WordPress Plugins: Methodology, maintenance and when to say no

WordPress Platform.

“It’s brilliant is WordPress you can make it do anything just by adding plugins”

Except this really isn’t good practice. By adding endless plugins it’s quite easy to create a monster that becomes too big to control.

The core WordPress platform is tightly curated by WordPress.org whilst plugins can be written by anyone, to do any job or function. It’s easy to extend the functionality this way but you dramatically increase the risk of problems, clashes, security violations and server malfunctions.

Many plugins play nice and interoperate with each other but with millions of combinations available you need to stay sharp when adding, updating, removing and modifying these little beasties. Support is usually scant, and often not provided by professional companies as many plugins are written by single authors.

Getting your Plugin Policy right

If you start off with a “just say no policy” then you massively reduce the risk of problems – except that’s not very useful and misses out of one of the great WordPress features. So how about:

  • Compatibility. Create a development, or staging, server that is an exact copy of your live environment. Here you can safely test new plugins – not forgetting updates to plugins. As often as not, it’s a plugin updates that becomes the root cause of an issue elsewhere
  • Security. Document the potential security risks of every plugin and understand which ones are at the highest risk of causing issues. Maybe use a service to watch and check your site, Securi is quite good.
  • Why? Check the validity of why the plugin is needed, if the rationale is at all flaky then just say no. If you’re a WordPress Agency like ourselves we don’t directly say no, we advise against it and/or make it clear we won’t support the plugin.
  • Monitoring. Buy a proper site monitoring service such as Pingdom (we use this) so an external service can keep a close eye on the performance and availability of your site.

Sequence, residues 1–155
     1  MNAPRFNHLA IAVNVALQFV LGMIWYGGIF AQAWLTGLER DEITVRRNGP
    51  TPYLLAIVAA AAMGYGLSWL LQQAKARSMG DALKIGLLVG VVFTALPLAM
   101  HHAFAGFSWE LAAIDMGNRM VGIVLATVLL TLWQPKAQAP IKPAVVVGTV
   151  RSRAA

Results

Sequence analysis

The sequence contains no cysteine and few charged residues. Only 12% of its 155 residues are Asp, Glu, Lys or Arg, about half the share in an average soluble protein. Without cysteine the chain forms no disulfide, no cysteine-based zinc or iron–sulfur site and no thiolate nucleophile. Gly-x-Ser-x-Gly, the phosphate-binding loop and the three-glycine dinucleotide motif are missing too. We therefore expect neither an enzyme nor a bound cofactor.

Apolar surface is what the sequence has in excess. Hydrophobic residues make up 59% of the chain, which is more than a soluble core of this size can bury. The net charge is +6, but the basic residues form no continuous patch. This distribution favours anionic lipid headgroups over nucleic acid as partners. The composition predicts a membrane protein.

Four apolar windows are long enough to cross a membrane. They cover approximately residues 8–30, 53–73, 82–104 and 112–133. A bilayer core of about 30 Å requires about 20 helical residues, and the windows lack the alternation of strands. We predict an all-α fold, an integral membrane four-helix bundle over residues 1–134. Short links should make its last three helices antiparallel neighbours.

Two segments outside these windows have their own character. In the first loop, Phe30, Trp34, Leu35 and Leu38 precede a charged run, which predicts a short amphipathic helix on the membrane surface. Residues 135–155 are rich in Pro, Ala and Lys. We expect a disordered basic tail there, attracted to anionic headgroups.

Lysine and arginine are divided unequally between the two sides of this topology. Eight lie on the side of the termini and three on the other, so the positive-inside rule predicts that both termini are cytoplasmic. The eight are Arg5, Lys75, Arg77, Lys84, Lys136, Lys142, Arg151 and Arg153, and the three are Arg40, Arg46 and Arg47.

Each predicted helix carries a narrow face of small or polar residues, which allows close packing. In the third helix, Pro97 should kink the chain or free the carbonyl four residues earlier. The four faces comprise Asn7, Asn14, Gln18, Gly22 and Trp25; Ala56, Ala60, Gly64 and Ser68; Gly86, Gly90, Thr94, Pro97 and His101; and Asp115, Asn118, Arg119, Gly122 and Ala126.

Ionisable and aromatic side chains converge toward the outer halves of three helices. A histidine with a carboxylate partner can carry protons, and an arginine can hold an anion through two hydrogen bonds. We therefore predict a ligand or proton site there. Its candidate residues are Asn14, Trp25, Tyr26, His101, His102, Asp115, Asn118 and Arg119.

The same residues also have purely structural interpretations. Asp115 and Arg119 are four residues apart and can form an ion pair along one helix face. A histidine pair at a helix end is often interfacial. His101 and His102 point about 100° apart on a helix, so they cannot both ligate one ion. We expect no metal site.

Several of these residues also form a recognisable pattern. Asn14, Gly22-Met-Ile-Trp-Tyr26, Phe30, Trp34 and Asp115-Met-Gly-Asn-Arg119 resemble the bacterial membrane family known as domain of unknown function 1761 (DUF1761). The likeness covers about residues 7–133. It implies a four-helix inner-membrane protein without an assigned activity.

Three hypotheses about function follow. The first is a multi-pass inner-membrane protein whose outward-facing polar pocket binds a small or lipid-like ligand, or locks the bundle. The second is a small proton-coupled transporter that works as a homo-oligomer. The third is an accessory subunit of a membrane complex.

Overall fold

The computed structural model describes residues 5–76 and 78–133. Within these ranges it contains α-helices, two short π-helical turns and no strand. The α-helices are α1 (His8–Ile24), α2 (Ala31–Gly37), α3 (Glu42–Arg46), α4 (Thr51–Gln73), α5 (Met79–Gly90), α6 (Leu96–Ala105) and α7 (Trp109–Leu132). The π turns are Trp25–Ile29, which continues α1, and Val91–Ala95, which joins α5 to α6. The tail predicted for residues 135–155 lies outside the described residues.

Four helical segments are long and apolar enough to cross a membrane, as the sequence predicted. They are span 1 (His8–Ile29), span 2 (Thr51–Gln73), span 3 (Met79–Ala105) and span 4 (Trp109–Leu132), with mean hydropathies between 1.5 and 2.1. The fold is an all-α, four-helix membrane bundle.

• Stay up to date. Make sure your plugins are kept up to date, one by one. If you find you’re doing big lumps of 50 updates then you’re not really on top of your WordPress plugin world
  • Consolidate. Keep an eye on the WordPress Plugin world, from time to time new plugins come along that supersede a number that came before. Jetpack is one that comes to mind. In the Plugin world fewer is better.
  • Performance. Watch out for hogs, some plugins will suck the life out of your site and a slow site is a poor swap for adding random functionality. Speed is king, especially for mobile, conversion and SEO.Stick with the majors. Using the widest adopted plugins gives some safety in numbers and (usually) a better/quicker/easier update and support path.
  • Settings. Each plugin can be configured, keep the setting under control. You want the plugins to have the smallest footprint and present the least risk. Switching on all the bells and whistles just because they are there is silly.
  • If this sounds too hard, or to resource-hungry then you should consider outsourcing this to another organisation.

    Don’t just dump a contract on your web agency, make sure whoever you use has experience maintaining and managing WordPress installations and has a focus on doing that. Just because your digital agency has a bloke called Dave who looks after “the WordPress stuff” doesn’t make them a safe pair of hands.

    Ideally, your support partner would be proactive and do a lot of the work in the background to prevent issues. Maybe they have a monthly maintenance schedule to keep everything in tip-top condition. Prevention, as the adage goes, is better than cure.